Most people recognize that depression has become the overwhelming “malady” of our times. Suicides are on the rise; opioid addiction poses an epidemic. What is the root cause?
Notably, the idea that nothing we have is ever enough or ever good enough. This mindset sets us up, not just for depression, despair and a pervasive sense of malcontent, but estrangement with others. We are always comparing ourselves to others, or they to us, in what amounts to a combat of competition. This creates a depressive mood in everyone.
I remember when I joined the staff of the Pulitzer Prize winning Philadelphia Inquirer. I had gotten there because my work as a reporter had been noticed. But once I got there, everyone’s work had been noticed and now, not just one of us, but all of us, were good reporters and writers.
No matter how much you achieve, you are an underachiever. There is always going to be someone smarter than you, who writes better than you. This provides the recipe for depression and despair.
What does this have to do with writing? Writing allows us to forge intimacy with others—to forge relationships. By sharing our stories and the meaning of those stories, through one life, or many lives, writing puts us in service to others. A universal picture emerges over time. We experience much the same things. Our stories form a collective. We are all in this together.
This is why I’m staring a women’s writing circle at my church this week. Relationships, intimacy, sharing in the collective journey, offer antidotes to despair.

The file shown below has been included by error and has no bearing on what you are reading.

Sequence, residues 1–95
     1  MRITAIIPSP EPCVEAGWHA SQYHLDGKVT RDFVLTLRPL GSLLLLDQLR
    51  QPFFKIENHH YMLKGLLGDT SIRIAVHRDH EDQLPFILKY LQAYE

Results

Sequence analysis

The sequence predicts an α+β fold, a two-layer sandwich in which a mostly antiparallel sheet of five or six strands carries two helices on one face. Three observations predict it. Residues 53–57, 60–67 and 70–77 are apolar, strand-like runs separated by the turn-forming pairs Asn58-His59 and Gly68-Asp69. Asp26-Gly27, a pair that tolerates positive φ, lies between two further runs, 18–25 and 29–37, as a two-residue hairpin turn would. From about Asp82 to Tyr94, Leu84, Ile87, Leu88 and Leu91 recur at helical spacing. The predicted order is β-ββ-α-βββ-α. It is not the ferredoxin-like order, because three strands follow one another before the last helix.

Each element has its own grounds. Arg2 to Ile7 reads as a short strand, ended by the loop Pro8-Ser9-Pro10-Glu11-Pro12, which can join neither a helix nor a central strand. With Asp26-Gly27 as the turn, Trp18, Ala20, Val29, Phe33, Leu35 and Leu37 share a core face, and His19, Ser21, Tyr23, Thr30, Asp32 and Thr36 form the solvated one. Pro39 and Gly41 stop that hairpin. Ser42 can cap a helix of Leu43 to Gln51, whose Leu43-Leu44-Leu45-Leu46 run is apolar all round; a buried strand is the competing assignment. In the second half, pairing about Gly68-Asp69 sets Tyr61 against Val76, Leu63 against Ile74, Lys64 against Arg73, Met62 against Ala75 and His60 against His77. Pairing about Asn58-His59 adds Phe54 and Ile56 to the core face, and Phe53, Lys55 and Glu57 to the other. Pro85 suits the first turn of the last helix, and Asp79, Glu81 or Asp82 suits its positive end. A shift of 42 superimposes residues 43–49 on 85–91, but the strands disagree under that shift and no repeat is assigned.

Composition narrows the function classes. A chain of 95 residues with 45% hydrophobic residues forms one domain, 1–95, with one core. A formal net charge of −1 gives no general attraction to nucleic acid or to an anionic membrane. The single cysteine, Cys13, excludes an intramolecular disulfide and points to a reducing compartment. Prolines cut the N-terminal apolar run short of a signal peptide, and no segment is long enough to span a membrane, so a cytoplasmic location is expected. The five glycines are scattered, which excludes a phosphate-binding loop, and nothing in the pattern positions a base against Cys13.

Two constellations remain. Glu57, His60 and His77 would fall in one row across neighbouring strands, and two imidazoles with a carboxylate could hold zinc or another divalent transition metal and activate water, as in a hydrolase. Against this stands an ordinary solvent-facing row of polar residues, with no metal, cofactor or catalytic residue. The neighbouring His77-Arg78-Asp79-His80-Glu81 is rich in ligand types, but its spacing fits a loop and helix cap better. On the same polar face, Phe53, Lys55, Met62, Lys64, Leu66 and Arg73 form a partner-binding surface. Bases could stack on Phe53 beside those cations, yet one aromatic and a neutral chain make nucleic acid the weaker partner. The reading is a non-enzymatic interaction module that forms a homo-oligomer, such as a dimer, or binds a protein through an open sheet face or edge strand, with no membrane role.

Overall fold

Poets have written about despair...“winters of despair” yet with the hope of spring. In this lovely poem "Snowdrops" by Louise Gluck, which I recently used in a teaching seminar, she writes:
Do you know what I was, how I lived? You know
what despair is; then
winter should have meaning for you
I did not expect to survive,
earth suppressing me. I didn’t expect
to waken again, to feel
in damp earth my body
able to respond again, remembering
after so long how to open again
in the cold light
of earliest spring–afraid, yes, but among you again
crying yes risk joy
in the raw wind of the new world.
"Open again in the cold light of earliest spring.” That line, what we call in the circle, a "read back line," resonates with me. It offers such hope.
So, what is the answer to depression—to this pervasive lack of “joy” plaguing our times? (Joy is almost always intangible, at least in my mind. Happiness is probably the better word.) Contentment. Contentment with the ordinary life.
I have enough. My house is enough. My car is enough, I don’t need more possessions, more accolades, I have many wonderful reviews on Amazon and more would be nice, but I don’t need them. I don’t care if I’m traditionally published or self-published. The great thing—I have written a book/books out there for others to read.
I fell in love once and he with me. This is enough for one lifetime. I am content. I long for what I have, to quote Dante.
Writing brings us “home” to the ordinary life, to something in the here and now, not lofty or detached, but intimate and meaningful.
Home is where the windows and the doors are open. Windows let us look outside. Doors let us get out. Doors let us reenter. We have moved on and come back to the relationships, the shared vision that offers contentment. Home is not twenty-five or thirty years ago in some nostalgic mindset that has no bearing on reality. We can go back to that street where we grew up, see children playing and say to ourselves, “This is not home. I don’t feel at home in this place anymore.”
Write about that special moment of coming home. Like the Himalayan blue poppy, its bloom is beautiful, but fleeting.
As poet Mary Oliver concludes in "Such Singing in the Wild Branches":
Are there trees near you,
and does your own soul need comforting?
Quick, then––open the door and fly on your heavy feet; the song
may already be drifting away.